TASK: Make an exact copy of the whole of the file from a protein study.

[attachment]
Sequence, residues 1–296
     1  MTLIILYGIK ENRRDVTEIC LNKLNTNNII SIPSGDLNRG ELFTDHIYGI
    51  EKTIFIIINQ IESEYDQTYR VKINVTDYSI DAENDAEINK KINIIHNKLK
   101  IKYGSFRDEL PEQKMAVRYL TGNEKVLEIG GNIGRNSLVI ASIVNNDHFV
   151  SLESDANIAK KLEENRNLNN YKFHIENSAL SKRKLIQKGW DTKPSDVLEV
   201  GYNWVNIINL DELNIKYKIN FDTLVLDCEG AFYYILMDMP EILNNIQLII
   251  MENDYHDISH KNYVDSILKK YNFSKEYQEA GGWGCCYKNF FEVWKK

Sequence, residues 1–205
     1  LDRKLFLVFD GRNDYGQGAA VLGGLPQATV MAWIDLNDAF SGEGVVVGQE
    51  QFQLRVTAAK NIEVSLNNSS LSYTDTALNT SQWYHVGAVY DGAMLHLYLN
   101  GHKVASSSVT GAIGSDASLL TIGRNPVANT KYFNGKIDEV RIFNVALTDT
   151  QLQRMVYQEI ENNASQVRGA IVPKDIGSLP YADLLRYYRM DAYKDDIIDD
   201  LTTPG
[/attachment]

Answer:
Sequence, residues 1–296
     1  MTLIILYGIK ENRRDVTEIC LNKLNTNNII SIPSGDLNRG ELFTDHIYGI
    51  EKTIFIIINQ IESEYDQTYR VKINVTDYSI DAENDAEINK KINIIHNKLK
   101  IKYGSFRDEL PEQKMAVRYL TGNEKVLEIG GNIGRNSLVI ASIVNNDHFV
   151  SLESDANIAK KLEENRNLNN YKFHIENSAL SKRKLIQKGW DTKPSDVLEV
   201  GYNWVNIINL DELNIKYKIN FDTLVLDCEG AFYYILMDMP EILNNIQLII
   251  MENDYHDISH KNYVDSILKK YNFSKEYQEA GGWGCCYKNF FEVWKK

Sequence, residues 1–205
     1  LDRKLFLVFD GRNDYGQGAA VLGGLPQATV MAWIDLNDAF SGEGVVVGQE
    51  QFQLRVTAAK NIEVSLNNSS LSYTDTALNT SQWYHVGAVY DGAMLHLYLN
   101  GHKVASSSVT GAIGSDASLL TIGRNPVANT KYFNGKIDEV RIFNVALTDT
   151  QLQRMVYQEI ENNASQVRGA IVPKDIGSLP YADLLRYYRM DAYKDDIIDD
   201  LTTPG